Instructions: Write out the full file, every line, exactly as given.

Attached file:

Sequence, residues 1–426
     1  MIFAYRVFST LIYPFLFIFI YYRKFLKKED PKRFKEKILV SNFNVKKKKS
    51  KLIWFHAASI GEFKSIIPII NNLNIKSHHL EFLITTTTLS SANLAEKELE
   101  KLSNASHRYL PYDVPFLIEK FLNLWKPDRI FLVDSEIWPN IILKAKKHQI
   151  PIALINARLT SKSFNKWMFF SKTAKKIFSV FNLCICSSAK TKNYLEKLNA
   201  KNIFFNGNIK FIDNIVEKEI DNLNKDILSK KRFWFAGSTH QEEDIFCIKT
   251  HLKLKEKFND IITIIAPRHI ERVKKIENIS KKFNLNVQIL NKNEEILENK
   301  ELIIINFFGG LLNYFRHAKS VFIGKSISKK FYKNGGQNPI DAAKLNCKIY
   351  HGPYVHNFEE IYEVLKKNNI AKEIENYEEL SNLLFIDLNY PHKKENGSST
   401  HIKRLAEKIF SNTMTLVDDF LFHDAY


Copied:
Sequence, residues 1–426
     1  MIFAYRVFST LIYPFLFIFI YYRKFLKKED PKRFKEKILV SNFNVKKKKS
    51  KLIWFHAASI GEFKSIIPII NNLNIKSHHL EFLITTTTLS SANLAEKELE
   101  KLSNASHRYL PYDVPFLIEK FLNLWKPDRI FLVDSEIWPN IILKAKKHQI
   151  PIALINARLT SKSFNKWMFF SKTAKKIFSV FNLCICSSAK TKNYLEKLNA
   201  KNIFFNGNIK FIDNIVEKEI DNLNKDILSK KRFWFAGSTH QEEDIFCIKT
   251  HLKLKEKFND IITIIAPRHI ERVKKIENIS KKFNLNVQIL NKNEEILENK
   301  ELIIINFFGG LLNYFRHAKS VFIGKSISKK FYKNGGQNPI DAAKLNCKIY
   351  HGPYVHNFEE IYEVLKKNNI AKEIENYEEL SNLLFIDLNY PHKKENGSST
   401  HIKRLAEKIF SNTMTLVDDF LFHDAY